12. Chapter 7 Slaves Become Freemen
    (pp. 187-214)

    Wartime experience can radically alter the course of a person’s life. For example, service in World War II and the Vietnam War lowered later earnings because of lost labor market experience,¹ whereas employment during mobilization for World War II permanently raised women’s labor force participation rates² and lowered both men’s and women’s wages because of the increase in women’s labor supply.

    Less is known about the effects of previous wars. Brevet Major General Alving C. Voris wrote that the Civil War “has greatly interrupted my line of business.”³ A white officer of the colored troops wrote,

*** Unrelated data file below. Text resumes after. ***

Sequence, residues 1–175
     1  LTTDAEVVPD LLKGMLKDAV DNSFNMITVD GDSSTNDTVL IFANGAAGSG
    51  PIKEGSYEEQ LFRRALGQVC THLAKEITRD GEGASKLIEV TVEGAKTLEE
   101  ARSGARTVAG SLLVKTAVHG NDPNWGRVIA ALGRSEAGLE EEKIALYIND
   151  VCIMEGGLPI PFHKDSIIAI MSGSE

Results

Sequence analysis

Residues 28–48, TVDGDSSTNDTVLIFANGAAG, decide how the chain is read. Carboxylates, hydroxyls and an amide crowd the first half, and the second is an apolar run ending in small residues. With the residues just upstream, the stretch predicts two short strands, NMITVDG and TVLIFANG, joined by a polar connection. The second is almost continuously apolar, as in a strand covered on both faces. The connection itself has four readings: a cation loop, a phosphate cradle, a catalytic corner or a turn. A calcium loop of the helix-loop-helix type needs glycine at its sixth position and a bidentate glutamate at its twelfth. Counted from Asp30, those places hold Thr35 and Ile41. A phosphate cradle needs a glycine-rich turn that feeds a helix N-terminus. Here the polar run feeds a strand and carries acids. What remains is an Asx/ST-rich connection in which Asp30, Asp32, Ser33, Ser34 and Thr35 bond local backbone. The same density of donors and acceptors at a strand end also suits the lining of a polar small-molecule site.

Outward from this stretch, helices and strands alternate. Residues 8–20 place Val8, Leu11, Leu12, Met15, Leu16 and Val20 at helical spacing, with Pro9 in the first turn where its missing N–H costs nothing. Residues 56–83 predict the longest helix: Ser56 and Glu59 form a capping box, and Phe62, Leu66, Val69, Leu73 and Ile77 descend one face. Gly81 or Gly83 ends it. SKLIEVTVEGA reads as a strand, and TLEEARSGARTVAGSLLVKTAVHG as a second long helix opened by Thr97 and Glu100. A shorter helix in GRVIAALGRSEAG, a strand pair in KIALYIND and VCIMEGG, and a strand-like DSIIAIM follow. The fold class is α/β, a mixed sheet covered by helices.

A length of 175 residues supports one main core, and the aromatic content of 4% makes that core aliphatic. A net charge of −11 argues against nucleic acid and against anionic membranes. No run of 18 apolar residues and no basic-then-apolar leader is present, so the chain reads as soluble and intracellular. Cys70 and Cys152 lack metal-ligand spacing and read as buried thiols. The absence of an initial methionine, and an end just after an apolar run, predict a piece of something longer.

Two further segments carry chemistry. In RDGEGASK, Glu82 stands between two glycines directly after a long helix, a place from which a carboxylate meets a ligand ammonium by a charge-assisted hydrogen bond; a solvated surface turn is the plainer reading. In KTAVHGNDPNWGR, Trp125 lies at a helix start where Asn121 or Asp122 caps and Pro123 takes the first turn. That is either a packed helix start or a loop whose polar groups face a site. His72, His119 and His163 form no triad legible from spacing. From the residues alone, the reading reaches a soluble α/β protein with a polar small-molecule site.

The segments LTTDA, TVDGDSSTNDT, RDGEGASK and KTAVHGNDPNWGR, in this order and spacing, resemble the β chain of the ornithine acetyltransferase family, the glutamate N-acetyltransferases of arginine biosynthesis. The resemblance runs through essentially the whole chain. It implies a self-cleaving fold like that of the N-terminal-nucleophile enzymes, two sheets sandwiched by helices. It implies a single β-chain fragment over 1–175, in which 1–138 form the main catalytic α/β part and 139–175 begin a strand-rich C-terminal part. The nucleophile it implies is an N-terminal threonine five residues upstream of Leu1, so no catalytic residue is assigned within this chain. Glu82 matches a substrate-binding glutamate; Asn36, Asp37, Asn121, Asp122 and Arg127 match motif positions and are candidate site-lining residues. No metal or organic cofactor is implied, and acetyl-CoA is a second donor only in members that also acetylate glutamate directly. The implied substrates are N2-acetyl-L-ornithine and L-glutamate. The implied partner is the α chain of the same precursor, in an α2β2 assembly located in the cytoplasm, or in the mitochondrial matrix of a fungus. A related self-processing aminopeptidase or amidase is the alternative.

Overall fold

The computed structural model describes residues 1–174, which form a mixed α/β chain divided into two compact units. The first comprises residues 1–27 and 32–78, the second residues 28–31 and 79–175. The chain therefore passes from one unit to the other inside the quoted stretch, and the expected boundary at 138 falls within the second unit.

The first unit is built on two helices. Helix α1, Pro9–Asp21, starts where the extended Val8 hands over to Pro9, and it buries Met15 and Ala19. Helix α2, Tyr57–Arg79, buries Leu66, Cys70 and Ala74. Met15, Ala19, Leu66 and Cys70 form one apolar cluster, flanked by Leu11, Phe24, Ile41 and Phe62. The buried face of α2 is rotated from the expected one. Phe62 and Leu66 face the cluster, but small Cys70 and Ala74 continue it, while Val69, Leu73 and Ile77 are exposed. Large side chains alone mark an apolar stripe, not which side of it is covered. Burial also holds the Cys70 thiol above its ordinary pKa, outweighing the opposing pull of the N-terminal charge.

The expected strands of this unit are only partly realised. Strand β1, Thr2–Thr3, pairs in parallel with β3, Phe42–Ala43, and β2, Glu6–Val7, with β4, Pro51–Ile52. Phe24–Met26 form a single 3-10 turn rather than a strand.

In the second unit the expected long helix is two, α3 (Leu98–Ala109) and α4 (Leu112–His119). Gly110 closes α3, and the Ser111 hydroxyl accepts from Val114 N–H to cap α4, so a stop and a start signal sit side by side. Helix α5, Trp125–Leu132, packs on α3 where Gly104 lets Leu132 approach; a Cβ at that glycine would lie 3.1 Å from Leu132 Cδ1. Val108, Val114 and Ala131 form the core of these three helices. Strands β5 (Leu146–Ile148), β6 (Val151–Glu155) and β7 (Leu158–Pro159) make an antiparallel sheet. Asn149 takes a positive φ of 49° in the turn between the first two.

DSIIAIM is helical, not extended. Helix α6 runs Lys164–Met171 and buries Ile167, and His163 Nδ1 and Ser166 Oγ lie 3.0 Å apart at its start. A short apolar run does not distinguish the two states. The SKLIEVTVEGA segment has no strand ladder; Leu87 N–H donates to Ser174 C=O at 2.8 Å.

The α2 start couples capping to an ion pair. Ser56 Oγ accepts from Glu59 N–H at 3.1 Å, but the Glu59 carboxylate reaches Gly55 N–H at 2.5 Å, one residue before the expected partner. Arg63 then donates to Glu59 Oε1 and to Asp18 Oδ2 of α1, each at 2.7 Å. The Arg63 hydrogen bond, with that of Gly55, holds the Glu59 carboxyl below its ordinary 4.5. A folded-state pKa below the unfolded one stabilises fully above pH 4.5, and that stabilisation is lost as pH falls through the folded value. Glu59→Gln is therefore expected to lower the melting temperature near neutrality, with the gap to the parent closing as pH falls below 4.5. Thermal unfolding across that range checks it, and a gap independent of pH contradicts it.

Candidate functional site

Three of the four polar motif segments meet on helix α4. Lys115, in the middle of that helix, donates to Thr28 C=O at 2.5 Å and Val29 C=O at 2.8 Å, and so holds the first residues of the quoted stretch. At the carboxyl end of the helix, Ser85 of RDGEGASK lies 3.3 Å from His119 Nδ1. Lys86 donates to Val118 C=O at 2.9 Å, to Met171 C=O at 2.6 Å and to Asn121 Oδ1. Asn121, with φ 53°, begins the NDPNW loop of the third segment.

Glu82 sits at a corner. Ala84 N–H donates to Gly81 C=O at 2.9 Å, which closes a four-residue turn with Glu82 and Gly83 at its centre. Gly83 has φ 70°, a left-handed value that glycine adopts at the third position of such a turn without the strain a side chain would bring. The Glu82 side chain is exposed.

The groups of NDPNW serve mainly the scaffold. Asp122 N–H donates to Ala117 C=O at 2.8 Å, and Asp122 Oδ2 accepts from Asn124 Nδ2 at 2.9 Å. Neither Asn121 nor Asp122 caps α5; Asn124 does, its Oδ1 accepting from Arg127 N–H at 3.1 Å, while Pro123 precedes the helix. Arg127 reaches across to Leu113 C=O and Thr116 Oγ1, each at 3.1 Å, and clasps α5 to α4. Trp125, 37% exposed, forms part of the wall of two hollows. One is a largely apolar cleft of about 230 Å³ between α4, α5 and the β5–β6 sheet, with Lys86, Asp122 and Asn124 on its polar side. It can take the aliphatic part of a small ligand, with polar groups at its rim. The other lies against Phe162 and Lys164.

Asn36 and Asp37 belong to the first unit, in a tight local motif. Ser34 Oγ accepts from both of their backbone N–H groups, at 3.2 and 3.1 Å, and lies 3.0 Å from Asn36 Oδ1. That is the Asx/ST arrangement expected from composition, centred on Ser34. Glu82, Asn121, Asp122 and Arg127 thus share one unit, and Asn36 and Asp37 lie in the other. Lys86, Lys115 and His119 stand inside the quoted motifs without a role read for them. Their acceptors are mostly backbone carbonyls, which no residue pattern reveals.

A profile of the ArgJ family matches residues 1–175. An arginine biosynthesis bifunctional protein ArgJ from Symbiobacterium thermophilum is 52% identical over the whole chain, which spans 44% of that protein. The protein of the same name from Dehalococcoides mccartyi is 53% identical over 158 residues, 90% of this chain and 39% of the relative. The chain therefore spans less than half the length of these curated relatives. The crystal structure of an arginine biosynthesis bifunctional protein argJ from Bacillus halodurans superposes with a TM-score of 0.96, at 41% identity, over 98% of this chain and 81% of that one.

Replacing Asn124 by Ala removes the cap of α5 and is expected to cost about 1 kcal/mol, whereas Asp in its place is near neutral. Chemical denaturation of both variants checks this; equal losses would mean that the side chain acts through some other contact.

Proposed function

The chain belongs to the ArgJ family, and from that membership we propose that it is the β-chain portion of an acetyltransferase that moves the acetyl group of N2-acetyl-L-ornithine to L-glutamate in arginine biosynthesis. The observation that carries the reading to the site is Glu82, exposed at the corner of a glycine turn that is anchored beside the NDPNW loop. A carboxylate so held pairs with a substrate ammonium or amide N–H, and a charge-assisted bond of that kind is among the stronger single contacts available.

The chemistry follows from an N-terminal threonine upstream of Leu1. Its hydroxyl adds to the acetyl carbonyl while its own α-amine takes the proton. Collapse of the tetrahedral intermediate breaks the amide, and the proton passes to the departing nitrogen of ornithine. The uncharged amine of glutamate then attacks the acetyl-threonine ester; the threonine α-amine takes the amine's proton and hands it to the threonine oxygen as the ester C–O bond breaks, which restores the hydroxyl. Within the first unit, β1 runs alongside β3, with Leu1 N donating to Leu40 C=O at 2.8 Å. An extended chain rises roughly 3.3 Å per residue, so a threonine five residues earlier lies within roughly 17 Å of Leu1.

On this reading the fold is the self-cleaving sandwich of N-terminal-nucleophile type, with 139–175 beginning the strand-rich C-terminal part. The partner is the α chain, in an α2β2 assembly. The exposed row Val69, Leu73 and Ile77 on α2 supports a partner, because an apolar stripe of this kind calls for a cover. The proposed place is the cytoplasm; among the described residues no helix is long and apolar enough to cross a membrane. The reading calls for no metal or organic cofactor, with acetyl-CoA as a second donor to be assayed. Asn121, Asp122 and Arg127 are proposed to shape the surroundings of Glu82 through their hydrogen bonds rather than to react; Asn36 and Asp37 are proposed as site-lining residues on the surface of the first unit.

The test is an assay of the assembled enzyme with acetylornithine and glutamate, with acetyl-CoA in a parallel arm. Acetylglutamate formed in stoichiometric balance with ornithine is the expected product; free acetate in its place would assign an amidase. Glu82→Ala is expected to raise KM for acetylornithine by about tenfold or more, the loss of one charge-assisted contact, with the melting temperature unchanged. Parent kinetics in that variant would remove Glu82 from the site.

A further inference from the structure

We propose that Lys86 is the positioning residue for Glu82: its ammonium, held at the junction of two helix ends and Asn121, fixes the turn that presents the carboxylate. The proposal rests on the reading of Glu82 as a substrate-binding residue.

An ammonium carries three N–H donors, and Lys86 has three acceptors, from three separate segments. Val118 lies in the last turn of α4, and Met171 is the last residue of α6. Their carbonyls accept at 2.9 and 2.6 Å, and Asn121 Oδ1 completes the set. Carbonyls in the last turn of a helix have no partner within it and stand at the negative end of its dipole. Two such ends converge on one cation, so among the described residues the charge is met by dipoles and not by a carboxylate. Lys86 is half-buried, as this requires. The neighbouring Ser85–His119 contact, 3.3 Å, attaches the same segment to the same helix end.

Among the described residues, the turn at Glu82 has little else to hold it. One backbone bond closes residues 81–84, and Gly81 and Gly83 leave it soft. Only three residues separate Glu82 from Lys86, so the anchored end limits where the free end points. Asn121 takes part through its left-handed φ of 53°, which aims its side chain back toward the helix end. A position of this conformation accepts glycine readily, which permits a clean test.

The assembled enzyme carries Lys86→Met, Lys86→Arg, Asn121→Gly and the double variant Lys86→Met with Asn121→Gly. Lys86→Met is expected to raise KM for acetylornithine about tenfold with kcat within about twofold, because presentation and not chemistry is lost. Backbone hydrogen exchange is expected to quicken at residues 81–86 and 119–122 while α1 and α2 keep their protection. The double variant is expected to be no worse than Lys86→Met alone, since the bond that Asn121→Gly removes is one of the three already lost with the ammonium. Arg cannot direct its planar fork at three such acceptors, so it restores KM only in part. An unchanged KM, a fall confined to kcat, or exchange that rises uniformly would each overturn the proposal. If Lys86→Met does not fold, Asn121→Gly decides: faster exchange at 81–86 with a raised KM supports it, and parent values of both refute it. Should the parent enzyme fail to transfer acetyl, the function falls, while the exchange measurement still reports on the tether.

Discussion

Entering the army at...

  13. Chapter 8 Learning from the Past
    (pp. 215-226)

    “I myself am as big a coward as eny could be,” wrote a survivor of the Battle of the Wilderness, Spotsylvania, Cold Harbor, and Petersburg, “but me the ball [bullet] before the coward when all my friends and comrades are going forward. Once and once only was I behind when the regt was under fire, and I cant describe my feelings at that time none can tell them only a soldier. I was not able to walk . . . but as soon as the rattle of musketry was heard and I knew my Regt was engaged I hobbled on...

  14. Appendix Records and Collection Methods
    (pp. 227-242)
  15. ENDNOTES
    (pp. 243-272)
  16. BIBLIOGRAPHY
    (pp. 273-290)
  17. INDEX
    (pp. 291-315)
This book is licensed under a .